Most graduations boast mortar boards, robes and cheers as the grads leave their comfort zone for the next step of life. But unlike other more typical ceremonies, the one taking place at noon on Friday, May 13, had no caps and gowns. Instead there were boxes of tissues and tears along with tail wagging and cheers.
The event was the Canine Companions for Independence graduation of ten dog-and-human teams at its Baylor Scott and White Health — Kinkeade Campus in Irving .
After years of being trained for their roles as life-changing companions for “individuals with physical and developmental disabilities” from Houston, San Antonio, Corpus Christi, Keller, Cleburne and others areas of North Texas, these ten dogs were all summa cum laude graduates.
With an SRO crowd filling the Canine Training Center, it was heart rending to see the puppy raisers formally present their canines to the human, who “will begin their journey toward a more independent life.”
Prior to graduation, the human partners spent two weeks bonding with their dogs at the Campus thanks to cottages on the property.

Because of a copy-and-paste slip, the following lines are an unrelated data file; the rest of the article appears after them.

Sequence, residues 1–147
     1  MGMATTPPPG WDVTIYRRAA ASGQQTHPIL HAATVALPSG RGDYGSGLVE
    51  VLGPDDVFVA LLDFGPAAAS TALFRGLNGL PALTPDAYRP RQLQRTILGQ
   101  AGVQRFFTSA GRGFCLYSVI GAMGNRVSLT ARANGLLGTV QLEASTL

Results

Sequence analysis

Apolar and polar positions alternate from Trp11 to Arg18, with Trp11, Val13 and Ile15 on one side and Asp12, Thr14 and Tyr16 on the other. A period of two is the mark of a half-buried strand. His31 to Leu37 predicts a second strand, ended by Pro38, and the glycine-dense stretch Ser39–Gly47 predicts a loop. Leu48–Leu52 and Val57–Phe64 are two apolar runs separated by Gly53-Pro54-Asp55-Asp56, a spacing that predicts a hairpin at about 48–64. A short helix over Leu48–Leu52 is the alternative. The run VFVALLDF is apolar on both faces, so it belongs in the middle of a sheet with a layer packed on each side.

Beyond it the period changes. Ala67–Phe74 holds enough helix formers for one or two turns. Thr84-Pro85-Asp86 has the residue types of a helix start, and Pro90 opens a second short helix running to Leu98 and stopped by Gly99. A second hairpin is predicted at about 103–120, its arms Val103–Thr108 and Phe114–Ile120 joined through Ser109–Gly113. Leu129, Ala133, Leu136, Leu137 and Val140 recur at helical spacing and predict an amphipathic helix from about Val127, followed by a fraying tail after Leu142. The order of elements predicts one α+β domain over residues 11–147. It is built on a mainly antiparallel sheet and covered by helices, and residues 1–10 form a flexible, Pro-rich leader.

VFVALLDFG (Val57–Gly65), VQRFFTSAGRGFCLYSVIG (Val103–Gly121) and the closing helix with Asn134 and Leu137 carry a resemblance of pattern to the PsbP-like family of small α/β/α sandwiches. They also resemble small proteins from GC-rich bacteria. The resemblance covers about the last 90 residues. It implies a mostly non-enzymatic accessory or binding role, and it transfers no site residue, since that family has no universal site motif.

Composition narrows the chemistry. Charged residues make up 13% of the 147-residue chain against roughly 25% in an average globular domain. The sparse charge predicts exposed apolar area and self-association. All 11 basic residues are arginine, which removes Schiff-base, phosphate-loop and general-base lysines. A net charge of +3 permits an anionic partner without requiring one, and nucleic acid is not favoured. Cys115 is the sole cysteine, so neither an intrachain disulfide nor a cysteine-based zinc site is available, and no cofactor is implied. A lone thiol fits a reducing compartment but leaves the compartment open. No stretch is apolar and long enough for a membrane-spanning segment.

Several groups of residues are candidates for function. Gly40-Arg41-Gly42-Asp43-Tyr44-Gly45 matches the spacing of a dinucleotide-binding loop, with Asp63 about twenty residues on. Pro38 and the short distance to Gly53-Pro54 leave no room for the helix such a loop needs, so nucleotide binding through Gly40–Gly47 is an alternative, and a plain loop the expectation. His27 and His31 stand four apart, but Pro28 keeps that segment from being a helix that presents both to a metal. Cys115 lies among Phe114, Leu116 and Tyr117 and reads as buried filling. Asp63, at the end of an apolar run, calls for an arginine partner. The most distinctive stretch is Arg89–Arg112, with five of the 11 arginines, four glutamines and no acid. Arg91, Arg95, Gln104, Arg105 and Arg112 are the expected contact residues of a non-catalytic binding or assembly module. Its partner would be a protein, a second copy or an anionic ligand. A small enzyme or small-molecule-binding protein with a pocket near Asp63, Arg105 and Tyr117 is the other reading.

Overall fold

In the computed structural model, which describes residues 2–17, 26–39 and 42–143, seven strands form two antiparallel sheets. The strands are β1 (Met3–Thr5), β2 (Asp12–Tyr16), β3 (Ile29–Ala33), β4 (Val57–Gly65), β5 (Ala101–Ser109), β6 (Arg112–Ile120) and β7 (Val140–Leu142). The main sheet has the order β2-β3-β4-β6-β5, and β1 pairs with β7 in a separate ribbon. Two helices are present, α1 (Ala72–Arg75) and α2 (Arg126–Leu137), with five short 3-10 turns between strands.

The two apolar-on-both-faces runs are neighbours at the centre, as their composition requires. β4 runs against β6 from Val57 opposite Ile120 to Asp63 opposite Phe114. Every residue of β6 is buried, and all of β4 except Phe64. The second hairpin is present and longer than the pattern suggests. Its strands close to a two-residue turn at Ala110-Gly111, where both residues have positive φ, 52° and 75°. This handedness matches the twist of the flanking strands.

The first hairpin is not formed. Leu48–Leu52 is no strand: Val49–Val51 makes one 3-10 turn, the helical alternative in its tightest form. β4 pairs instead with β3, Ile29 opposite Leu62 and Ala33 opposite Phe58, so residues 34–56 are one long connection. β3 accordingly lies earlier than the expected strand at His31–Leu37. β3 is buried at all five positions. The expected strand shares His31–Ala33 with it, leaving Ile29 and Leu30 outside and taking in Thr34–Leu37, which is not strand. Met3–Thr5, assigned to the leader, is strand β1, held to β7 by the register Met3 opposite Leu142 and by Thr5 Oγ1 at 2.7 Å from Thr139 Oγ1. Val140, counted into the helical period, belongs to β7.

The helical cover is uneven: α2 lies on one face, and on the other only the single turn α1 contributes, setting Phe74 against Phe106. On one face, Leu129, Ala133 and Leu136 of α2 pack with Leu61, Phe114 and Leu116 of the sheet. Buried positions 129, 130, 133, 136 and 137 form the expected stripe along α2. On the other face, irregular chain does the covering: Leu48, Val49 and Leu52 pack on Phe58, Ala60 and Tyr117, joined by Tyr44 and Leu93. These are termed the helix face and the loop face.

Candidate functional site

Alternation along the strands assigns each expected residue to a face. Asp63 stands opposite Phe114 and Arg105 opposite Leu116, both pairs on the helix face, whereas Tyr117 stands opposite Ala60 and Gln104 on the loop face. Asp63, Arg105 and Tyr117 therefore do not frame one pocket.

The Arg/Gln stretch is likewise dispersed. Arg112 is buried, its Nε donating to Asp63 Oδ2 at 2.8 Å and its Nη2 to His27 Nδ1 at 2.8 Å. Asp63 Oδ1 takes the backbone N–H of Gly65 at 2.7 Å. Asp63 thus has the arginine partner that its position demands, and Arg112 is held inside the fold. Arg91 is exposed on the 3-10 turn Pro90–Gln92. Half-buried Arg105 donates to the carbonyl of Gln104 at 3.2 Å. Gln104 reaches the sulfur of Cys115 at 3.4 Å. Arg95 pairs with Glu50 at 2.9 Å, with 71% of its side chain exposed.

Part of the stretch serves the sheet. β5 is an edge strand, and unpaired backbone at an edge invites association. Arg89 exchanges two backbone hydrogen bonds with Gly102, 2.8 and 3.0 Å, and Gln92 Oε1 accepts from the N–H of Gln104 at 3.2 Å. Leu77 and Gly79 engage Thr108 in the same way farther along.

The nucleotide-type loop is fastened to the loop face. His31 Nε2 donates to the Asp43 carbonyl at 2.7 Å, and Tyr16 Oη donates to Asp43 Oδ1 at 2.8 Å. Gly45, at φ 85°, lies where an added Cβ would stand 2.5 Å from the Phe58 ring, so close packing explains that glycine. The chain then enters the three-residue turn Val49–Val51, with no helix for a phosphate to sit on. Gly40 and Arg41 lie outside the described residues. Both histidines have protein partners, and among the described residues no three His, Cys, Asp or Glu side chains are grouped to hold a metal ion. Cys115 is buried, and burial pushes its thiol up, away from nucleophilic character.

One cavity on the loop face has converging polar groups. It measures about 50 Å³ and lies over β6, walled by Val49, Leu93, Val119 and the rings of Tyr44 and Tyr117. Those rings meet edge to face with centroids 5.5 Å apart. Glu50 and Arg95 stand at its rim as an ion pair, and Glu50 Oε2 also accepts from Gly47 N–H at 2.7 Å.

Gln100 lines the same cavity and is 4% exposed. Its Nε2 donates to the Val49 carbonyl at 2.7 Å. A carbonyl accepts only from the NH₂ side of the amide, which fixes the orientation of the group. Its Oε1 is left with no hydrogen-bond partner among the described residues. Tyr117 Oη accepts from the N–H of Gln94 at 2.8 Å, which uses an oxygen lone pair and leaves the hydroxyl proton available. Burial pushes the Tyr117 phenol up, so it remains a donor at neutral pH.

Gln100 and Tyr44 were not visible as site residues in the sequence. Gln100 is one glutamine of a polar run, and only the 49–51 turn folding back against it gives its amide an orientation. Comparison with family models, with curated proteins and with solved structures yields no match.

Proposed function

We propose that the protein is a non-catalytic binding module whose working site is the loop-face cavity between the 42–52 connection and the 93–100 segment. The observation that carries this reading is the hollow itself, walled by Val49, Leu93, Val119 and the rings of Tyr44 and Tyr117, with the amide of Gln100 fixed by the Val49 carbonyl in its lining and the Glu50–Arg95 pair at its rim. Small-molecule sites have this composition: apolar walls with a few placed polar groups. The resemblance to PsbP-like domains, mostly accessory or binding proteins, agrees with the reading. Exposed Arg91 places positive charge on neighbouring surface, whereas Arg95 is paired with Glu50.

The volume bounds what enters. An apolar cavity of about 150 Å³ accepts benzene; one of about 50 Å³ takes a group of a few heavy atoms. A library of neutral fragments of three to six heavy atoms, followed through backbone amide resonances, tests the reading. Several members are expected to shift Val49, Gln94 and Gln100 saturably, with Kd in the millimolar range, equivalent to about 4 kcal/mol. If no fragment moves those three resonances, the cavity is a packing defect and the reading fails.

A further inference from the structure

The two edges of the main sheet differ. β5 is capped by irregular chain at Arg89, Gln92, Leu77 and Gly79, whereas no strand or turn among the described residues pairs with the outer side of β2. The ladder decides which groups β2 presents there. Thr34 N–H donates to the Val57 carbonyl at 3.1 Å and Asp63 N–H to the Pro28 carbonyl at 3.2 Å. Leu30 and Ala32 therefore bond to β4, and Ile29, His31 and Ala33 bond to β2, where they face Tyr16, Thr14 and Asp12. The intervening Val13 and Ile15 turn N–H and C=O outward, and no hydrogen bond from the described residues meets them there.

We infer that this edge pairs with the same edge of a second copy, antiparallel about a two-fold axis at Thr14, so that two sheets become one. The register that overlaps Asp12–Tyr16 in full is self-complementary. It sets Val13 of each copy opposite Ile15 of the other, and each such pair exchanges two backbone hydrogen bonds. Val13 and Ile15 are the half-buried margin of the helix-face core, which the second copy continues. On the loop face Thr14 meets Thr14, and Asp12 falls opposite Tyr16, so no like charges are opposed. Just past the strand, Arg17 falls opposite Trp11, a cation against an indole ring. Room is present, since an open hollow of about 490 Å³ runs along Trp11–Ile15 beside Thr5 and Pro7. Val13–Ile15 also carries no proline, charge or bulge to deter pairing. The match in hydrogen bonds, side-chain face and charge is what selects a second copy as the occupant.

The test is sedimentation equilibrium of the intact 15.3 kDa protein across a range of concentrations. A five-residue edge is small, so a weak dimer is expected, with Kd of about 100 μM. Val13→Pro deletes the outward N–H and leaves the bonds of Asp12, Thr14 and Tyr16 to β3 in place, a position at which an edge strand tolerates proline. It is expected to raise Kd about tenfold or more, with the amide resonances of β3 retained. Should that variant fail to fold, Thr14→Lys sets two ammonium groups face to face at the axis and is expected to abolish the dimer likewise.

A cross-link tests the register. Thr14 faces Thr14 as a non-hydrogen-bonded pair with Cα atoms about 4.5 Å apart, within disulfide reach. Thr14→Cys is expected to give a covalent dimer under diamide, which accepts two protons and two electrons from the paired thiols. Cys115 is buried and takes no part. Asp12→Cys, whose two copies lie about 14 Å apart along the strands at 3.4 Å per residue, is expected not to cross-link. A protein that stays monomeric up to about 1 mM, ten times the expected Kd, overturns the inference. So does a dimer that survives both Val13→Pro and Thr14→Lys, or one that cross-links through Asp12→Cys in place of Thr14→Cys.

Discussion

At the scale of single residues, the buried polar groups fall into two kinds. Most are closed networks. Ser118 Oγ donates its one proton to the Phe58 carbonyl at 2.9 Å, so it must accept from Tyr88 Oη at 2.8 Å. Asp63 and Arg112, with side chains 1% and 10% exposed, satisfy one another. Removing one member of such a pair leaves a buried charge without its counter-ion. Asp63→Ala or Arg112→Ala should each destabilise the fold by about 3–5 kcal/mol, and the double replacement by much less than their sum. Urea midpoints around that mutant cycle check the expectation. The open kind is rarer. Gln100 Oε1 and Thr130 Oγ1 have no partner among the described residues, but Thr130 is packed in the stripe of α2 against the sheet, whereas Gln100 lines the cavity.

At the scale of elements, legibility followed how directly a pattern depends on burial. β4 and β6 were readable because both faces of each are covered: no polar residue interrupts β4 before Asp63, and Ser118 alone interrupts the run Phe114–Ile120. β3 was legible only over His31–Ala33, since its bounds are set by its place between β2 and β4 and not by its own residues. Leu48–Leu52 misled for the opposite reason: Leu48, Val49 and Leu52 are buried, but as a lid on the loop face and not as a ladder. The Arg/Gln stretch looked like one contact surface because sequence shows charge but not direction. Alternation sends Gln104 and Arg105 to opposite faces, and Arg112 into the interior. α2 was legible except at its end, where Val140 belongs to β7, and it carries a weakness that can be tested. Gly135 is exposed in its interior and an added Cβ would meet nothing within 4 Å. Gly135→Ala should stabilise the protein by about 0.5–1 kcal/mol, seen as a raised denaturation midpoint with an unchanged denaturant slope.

And while this part of the program was truly gratifying, the teary part of the day’s activities was the handing over of the new class of 17 Labradors and Golden Retrievers for their formal training by their families who have raised them for more than a year. Even the most hardened observer found it hard to believe that after living and working with these remarkable animals that the puppy raisers could give them up. For puppy raiser Dawn Thompson, Freckles was the first puppy that she had raised for the program. Just prior to the handover as she and Freckles checked out the new dog-friendly pond with Diane Howard, she admitted that it was going to be a rough experience.
Freckles and her classmates would go through a carefully monitored six-to-mine-month training course at the facility. Those that passed the initial temperament and health evaluation would be trained to work around wheelchairs and learn more than 40 commands like pulling, switching on-and-off lights and retrieve.
But as difficult as it was to turn over their puppies, all the raisers were reminded that the pooches were destined for a greater mission.
In addition to donations, Canine Companions for Independence at Baylor Scott and White Health – Kinkeade Campus is looking for volunteers. Information on both can be found here!